To Vice Admiral d’Estaing
Head Quarters West point Octor 7 1779
Since my Letter to Your Excellency on the 4th instant,1 I have had the honor of a visit from His Excellency Monsieur Gerard.2 In the conversation we had relative to a co-operation with the Fleet and troops under your command—he expressed his doubts of its being possible for you to continue such a length of time as may be essential to the success of the undertaking, and which alone could justify me in going into those extensive preparations absolutely necessary on our part. I have therefore appointed Brigadier General DuPortail and Colo. Hamilton to wait upon Your Excellency as speedily as possible, and explain to you fully my ideas of the proposed co-operation—the means we shall be able to employ—the obstacles we shall have to encounter on our side—the plans which it may be proper to pursue, and the measures which are taking and may be taken by the Enemy to counteract them.3 This will enable Your Excellency to determine what you can with propriety undertake. I shall only add, that if Your Excellency will engage to cooperate with your whole Naval and land force against the Enemy’s fleet and Army at New York, till the Winter is so far advanced, that the ice will make it impracticable to remain with your fleet any longer in port, I will bring Twenty five Thousand effective Men into the Field, and will exert all the resources of the Country in a vigorous and decided co-operation.4 Without this assurance on the part of Your Excellency, it would be inconsistent with my duty to the public and to the common cause to incur the expence and hazard, which would be inseparable from the enterprize, and the more disagreable consequences which would attend a failure. I flatter myself Your Excellency will be fully sensible of the weight of the reasons, on which this Declaration is founded, and will approve the frankness with which it is made, and with which I have instructed General Duportail and Colo. Hamilton to disclose to you every circumstance, and every consideration with which it is necessary you should be acquainted. If your determination should be in favor of the enterprise, I request you will honor me with a line in answer to this Letter expressive of your Ultimate intentions, and that you will communicate to the Gentlemen, who now wait upon you, the previous measures you propose to pursue, and your sentiments of the most eligible plan of cooperation. I shall act in consequence, till the period arrives for concerting a final and more determinate plan.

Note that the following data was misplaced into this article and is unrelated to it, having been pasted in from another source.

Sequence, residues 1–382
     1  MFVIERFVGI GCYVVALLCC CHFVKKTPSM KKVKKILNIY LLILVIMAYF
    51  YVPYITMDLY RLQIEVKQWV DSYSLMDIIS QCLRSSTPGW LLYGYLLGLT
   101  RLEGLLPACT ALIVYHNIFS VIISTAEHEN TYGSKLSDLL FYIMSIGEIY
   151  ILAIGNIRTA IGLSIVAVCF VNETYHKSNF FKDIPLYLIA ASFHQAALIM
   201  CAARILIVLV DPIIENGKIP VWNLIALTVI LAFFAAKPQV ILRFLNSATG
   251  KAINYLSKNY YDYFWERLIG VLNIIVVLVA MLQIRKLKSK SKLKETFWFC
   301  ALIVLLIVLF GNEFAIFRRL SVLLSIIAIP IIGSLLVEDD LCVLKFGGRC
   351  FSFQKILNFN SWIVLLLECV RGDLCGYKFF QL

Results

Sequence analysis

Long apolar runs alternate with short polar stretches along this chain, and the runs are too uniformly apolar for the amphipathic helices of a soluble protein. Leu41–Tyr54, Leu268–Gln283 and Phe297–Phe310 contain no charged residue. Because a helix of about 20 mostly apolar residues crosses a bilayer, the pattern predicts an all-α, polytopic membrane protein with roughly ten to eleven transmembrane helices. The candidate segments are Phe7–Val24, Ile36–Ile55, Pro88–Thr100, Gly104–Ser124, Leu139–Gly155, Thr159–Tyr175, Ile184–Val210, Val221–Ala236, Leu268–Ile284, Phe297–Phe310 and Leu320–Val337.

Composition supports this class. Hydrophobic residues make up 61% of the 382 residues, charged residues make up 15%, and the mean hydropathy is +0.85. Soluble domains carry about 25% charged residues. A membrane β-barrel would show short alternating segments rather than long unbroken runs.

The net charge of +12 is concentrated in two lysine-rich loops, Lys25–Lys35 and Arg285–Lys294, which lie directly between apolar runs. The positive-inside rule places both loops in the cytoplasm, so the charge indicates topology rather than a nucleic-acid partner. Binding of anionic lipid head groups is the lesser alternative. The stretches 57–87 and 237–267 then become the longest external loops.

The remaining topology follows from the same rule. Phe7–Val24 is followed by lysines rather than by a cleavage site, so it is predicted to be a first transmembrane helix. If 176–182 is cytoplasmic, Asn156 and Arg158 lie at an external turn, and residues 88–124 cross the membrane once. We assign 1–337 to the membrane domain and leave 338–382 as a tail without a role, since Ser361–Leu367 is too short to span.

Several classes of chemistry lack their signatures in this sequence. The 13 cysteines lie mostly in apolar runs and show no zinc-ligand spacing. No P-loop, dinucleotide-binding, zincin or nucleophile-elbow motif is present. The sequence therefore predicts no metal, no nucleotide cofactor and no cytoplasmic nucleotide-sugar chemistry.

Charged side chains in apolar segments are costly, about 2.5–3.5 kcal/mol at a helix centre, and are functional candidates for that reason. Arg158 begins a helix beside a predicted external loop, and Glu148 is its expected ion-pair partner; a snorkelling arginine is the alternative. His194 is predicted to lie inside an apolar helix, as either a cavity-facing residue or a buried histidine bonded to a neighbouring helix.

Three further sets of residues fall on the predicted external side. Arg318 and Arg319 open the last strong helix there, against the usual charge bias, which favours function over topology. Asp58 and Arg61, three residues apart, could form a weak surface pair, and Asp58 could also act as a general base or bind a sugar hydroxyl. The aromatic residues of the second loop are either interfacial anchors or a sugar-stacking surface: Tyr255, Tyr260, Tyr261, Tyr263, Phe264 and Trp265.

I would now observe to Your Excellency, that you may repose the most implicit confidence in General Duportail and Colo. Hamilton, and accordingly I recommend them to your kind civilities and attention. And having done this, I have only to renew the assurances of that sincere attachment and perfect respect with which I have ⟨the⟩ honor to be Yr Excellency’s Most Obedt servant
LS, in Robert Hanson Harrison’s writing, DLC: Alexander Hamilton Papers; Df, DLC:GW; Varick transcript, DLC:GW.
2. Conrad-Alexandre Gérard, the outgoing minister plenipotentiary of France, visited GW’s headquarters on 5 and 6 Oct. (see the head note to these documents and the source note to the general orders of 5 Oct.).
3. A letter from Lt. Col. Alexander Hamilton to Maj. Gen. Nathanael Greene, dated 7 Oct. from headquarters at West Point, reads in part: “It is determined that General Du Portail and myself should go to Count D Estaing. We proceed to New Windsor this afternoon and set out from thence before light tomorrow” (Hamilton Papers, description begins Harold C. Syrett et al., eds. The Papers of Alexander Hamilton. 27 vols. New York, 1961–87. description ends 2:199).
In addition to carrying this 7 Oct. letter from GW to d’Estaing, Duportail and Hamilton probably also carried a copy of GW’s letter to d’Estaing of 4 Oct. (Document IV) and the intelligence summary GW enclosed with that letter (there are two copies of the intelligence summary in DLC:Hamilton Papers).
They also likely carried a document dated 7 Oct., containing a lengthy summary of intelligence supplied by Joseph Young “who was exchanged and left New York on Thursday the 30th of Sept.” In addition to his account of the reports current in New York City regarding d’Estaing, Young had reported that the troops that had embarked for an expedition to the South had returned to New York (see GW to John Jay, 25 Sept., n.5); that he had heard it “generally mentioned” that Rhode Island was to be evacuated; that Laurel Hill was “strongly fortified”; that the British were strengthening Bayard’s Hill and mounting cannon there; that they were fortifying Governors Island and the Narrows; that Brooklyn had “strong works”; and that “the British part of the Army is uncommonly sickly.” His report of his observations of the British defenses on Manhattan Island was detailed, and he noted that “there were no intermediate Works or Lines that he observed between Fort Washington and New York except at Bayards Hill” and also that there were “no Works” on Harlem Heights (DLC: Alexander Hamilton Papers). The original deposition of Young, in the writing of GW’s secretaru Robert Hanson Harrison and dated 6 Oct., is in DLC:GW.